Jan 22 2017

Alternative education #alternative #education

#alternative education


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Alternative Education

Program Information


  • The 1993 General Assembly directed the Board of Education to establish and implement regional pilot projects to provide an educational alternative for certain students.
  • The General Assembly provided funding to establish and maintain programs towards a goal of making regional alternative education programs available statewide.
  • No local matching funds are required.
  • School divisions provide in-kind support for such items as instructional materials, additional staff, pupil transportation and facilities.
  • A VDOE formula based on staffing patterns and the composite index of local ability to pay determines funding.

Targeted Students

Each program involves two or more school divisions working in collaboration to establish options for students who: 1) no longer have access to traditional school programs, or 2) are returning from juvenile correctional centers. Specifically targeted are those students who:

  • have a pending violation of a school board policy,
  • have been expelled or long term suspended, or,
  • have been released from a juvenile correctional center and identified by the superintendent of the Department of Correctional Education and the program’s local division superintendent to be in need of an alternative program.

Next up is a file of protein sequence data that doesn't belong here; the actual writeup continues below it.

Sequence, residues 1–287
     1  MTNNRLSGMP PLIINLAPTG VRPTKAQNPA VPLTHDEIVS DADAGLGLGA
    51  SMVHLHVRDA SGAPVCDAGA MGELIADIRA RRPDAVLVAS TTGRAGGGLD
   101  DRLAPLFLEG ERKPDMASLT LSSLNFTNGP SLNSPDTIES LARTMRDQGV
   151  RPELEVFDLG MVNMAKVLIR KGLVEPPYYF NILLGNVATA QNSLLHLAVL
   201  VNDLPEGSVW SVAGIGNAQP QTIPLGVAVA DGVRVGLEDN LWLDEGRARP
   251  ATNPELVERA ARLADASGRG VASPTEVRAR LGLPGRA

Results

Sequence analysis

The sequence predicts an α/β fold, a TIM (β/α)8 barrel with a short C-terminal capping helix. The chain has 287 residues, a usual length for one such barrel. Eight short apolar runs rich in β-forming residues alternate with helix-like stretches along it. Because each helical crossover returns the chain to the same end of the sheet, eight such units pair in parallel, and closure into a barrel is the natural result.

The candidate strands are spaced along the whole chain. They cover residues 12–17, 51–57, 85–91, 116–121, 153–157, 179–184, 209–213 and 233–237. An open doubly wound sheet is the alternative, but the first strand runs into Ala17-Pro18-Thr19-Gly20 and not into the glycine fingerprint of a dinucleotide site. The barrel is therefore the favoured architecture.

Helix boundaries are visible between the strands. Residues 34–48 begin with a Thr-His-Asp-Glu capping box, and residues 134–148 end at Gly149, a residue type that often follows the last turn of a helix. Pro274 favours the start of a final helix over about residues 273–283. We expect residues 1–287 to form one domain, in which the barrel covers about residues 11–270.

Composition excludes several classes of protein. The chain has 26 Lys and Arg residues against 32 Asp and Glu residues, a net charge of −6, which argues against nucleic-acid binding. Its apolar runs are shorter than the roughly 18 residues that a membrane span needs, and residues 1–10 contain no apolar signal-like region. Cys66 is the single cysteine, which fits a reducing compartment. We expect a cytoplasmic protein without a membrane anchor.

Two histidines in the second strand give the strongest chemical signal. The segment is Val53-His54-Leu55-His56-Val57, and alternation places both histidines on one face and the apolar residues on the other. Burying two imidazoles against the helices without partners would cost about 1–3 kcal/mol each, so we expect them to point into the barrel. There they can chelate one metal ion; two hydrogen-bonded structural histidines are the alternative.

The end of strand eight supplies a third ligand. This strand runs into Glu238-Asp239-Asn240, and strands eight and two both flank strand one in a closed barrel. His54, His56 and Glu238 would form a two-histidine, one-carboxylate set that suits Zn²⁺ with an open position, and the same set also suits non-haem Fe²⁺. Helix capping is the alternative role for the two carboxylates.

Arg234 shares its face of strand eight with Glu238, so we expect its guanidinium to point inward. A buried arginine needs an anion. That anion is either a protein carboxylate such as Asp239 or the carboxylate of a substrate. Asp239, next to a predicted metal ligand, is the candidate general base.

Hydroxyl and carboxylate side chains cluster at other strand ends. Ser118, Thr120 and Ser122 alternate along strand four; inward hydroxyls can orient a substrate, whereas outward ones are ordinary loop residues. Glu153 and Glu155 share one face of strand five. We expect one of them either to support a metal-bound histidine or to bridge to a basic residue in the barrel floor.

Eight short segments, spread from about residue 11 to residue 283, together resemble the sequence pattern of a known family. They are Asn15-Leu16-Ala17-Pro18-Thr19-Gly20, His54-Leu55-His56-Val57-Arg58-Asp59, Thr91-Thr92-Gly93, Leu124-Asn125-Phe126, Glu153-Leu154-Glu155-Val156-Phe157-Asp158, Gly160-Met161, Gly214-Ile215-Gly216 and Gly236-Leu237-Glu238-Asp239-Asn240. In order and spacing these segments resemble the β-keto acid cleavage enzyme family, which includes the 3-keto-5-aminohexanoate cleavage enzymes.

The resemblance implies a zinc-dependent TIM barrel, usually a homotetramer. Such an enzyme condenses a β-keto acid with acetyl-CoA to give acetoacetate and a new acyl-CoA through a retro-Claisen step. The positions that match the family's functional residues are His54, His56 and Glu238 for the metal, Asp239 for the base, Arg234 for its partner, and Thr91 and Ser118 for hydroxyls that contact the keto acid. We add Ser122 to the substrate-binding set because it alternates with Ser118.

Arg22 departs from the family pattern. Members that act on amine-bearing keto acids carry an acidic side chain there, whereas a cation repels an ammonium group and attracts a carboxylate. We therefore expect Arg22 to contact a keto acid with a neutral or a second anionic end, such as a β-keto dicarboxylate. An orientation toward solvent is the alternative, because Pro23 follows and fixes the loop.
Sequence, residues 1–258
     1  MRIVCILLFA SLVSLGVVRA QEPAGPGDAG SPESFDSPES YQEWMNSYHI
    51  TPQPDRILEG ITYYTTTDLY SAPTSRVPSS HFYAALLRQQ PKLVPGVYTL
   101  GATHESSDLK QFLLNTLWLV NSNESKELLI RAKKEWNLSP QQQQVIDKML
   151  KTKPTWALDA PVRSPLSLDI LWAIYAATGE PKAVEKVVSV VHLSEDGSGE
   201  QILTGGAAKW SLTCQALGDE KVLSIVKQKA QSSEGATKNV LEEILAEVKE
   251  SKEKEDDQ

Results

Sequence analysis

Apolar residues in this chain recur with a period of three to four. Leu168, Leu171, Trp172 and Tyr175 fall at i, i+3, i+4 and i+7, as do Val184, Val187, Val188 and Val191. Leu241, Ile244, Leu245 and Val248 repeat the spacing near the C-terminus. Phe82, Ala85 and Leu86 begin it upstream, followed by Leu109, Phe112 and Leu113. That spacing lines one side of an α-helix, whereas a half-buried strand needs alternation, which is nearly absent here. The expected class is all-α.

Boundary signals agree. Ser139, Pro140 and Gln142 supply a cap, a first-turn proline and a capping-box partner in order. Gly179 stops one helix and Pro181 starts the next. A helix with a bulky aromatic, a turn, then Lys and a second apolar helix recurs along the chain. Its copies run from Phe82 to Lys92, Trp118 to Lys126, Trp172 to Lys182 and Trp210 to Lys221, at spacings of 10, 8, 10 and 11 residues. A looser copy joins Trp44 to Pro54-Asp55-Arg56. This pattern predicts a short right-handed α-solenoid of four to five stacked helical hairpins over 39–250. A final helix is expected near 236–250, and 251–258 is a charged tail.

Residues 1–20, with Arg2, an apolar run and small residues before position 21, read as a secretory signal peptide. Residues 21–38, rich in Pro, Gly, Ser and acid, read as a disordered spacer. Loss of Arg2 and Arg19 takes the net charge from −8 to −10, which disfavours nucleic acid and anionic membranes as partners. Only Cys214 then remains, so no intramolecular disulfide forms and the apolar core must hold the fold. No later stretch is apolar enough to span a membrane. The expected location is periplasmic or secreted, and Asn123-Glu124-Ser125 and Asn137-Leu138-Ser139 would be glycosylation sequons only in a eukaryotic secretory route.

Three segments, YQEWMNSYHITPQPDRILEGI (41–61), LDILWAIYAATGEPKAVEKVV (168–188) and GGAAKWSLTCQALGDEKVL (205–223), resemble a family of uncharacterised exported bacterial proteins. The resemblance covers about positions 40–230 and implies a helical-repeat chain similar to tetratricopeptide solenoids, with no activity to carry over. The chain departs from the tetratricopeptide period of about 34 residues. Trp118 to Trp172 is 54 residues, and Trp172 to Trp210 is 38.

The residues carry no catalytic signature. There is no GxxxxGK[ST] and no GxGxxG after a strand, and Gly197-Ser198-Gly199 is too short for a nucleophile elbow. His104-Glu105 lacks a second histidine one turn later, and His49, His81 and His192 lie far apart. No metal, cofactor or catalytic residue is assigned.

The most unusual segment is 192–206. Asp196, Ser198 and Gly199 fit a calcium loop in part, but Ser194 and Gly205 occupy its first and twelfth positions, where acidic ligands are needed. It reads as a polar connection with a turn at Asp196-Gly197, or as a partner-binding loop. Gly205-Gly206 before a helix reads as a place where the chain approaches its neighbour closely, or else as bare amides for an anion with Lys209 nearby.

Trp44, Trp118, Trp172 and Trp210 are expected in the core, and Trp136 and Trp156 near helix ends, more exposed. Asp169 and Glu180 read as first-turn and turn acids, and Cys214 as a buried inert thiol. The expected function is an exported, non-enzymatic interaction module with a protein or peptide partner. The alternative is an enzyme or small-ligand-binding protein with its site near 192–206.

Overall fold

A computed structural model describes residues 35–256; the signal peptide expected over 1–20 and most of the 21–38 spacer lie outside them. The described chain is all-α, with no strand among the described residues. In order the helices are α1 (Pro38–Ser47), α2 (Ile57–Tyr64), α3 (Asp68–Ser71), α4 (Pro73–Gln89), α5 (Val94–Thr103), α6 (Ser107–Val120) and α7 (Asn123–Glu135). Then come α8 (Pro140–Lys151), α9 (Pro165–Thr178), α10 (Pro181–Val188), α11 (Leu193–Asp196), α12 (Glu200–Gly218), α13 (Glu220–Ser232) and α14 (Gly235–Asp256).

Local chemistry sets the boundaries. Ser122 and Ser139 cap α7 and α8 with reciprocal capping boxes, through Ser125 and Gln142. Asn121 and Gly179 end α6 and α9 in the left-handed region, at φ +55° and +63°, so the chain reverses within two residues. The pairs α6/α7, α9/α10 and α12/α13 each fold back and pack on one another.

Program Design

While there is some variation in programs, all use best practices and provide for:

  • annual assessment of placement;
  • intensive, accelerated instructional program, with high standards for academic achievement and student behavior;
  • low pupil-teacher ratio (average ratio is one teacher for every 10 students);
  • collaborative efforts with parents and the community;
  • program evaluation; and
  • staff development and training.

The delivery of services ranges from classroom instruction to distance learning, from day and after-school programs to evening programs.

Services to Students

  • Educational (core subject instruction, vocational, remediation, tutoring)
  • Counseling (individual, group, family)
  • Social skills training
  • Career counseling (work adjustment, job shadowing, mentoring, work/study agreements)
  • Technology education (direct instruction, networking, Internet, research)
  • Field trips
  • Conflict resolution and mediation
  • Drug prevention education

Best Practice Indicators

  • Differentiated instruction
  • Flexible scheduling
  • Required dress code
  • Small class size
  • Use of behavior modification
  • Computer-assisted instruction
  • Use of conflict mediation strategies
  • Hands-on assignments
  • Students in specially designed settings
  • Individual attention
  • Parent/school/business/community partnerships

Project Direction

VDOE strives to provide continued opportunities for project directors to share best practices as well as concerns in order to build effective programs to meet the needs of students requiring alternative educational settings. Currently, directors submit annual evaluations and reports that are used to guide the future direction of the program.

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